Rachel Sumekh, chief executive and founder of Swipe Out Hunger.

Rachel Sumekh, chief executive and founder of Swipe Out Hunger. Photo by Ringo Chiu.

Rachel Sumekh, 27

Title: Chief executive and founder, Swipe Out Hunger

Organization: Downtown-based Swipe Out Hunger is a nonprofit committed to ending college student food insecurity.

Employees: 5

Financials: 2018 budget was $434,500.

What led you to start this nonprofit?

In 2010, as a student at UCLA, I and my friends grew frustrated that we had so much leftover money on our meal plans, yet we saw for ourselves the prevalence of food insecurity on campus and within our community. We decided to collect food from donated meal swipes and provide it to the Food Closet (a UCLA community program). In my mind, what it meant to be a leader changed, and the power of one person to take a stand … was very inspiring.

How did you fund it, and how are you funding it going forward?

We relied on grassroots support until the (Barack) Obama White House recognized us as a Champion of Change, and we realized that we needed to formalize our structure and officially become a nonprofit. We received dozens of requests from universities who also wanted a Swipe Out Hunger program, and we needed the capacity to share information and best practices with our networks. Our early funding came from pitch competitions and online voting competitions. For example, in 2014 we received a significant seed fund after I won the Social Venture Partners Fast Pitch.

Are there advantages/disadvantages to starting a nonprofit in your 20s, and if so, what are they?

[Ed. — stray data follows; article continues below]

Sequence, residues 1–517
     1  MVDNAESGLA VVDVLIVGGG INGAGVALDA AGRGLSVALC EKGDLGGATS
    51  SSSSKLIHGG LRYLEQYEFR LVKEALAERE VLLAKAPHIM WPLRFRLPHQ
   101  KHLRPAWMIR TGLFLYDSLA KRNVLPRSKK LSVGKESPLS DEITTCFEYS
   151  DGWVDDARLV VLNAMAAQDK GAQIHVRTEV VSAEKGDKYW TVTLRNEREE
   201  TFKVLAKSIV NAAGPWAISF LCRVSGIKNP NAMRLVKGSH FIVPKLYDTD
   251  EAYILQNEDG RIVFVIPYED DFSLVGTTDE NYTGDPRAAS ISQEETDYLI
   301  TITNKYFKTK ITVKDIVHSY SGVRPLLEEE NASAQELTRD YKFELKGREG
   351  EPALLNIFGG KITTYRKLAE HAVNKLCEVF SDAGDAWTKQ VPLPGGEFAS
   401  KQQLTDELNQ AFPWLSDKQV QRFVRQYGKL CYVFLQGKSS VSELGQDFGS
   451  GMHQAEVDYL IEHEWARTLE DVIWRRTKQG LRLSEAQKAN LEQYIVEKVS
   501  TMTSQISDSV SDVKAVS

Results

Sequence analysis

The upside of being a young entrepreneur is that I haven’t had my world view soured yet. I’m incredibly idealistic and driven, so my hope motivates me to lead with a big vision. Not knowing “the rules” means I get to operate in the world how I see best, and I’d say the world is better because of it. (As for disadvantages,) people constantly assume that Swipe Out Hunger is just an idea and doesn’t have any traction or employees — that’s all “traditional” people expect from a young woman of color.

Where do you go for advice regarding your nonprofit?

I read about two business books a month. I already know many of the principles they share, but hearing them applied in new ways, through new case studies is what makes the difference between knowing something and actually executing. I also rely on our board chair, Libby Jacobson.

Do you encounter skepticism from investors/funders because of your age, and if so, how do you handle it?

Some people have dismissed me because I’m a young woman of color – a triple threat! – but there have been plenty of other incredible funders who see the power of our work for what it is and aren’t distracted by my age. It makes me more confident. The people who are going to judge me will anyway, so let me be my full, charismatic, idealistic 27-year-old self rather than buy a blazer and wear neutral colors.

What do you do for fun?

I spend many afternoons with friends at Echo Park Lake. I stay involved in organizing communities around issues that would make Los Angeles a stronger and more beautiful place to live. I also love my job and think it’s a great source of fun for me!

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